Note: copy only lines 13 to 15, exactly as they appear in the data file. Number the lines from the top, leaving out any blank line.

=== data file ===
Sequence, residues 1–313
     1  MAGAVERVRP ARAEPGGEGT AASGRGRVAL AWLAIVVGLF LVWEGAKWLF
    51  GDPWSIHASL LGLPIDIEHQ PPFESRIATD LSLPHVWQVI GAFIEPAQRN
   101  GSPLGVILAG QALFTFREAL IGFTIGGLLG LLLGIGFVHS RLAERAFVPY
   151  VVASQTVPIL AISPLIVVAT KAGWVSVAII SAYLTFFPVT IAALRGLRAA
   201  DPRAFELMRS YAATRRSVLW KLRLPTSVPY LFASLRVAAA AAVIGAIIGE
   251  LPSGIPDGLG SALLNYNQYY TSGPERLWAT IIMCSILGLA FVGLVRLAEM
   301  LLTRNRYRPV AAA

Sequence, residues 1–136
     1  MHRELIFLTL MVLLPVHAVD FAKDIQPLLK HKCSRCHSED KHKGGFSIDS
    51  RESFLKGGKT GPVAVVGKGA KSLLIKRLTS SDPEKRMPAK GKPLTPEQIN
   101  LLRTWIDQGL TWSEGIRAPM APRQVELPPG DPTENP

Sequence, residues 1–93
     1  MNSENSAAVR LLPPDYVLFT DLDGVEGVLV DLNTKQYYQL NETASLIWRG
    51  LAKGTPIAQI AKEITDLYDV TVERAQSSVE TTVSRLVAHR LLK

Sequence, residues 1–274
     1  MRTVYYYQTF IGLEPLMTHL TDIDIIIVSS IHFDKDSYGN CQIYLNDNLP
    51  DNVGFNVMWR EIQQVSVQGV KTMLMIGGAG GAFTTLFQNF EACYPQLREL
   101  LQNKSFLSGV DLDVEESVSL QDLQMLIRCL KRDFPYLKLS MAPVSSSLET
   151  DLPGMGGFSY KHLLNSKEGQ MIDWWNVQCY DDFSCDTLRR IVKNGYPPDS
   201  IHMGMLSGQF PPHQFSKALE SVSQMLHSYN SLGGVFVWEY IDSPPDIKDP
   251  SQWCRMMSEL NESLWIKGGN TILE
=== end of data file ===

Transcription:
Sequence, residues 1–93
     1  MNSENSAAVR LLPPDYVLFT DLDGVEGVLV DLNTKQYYQL NETASLIWRG
    51  LAKGTPIAQI AKEITDLYDV TVERAQSSVE TTVSRLVAHR LLK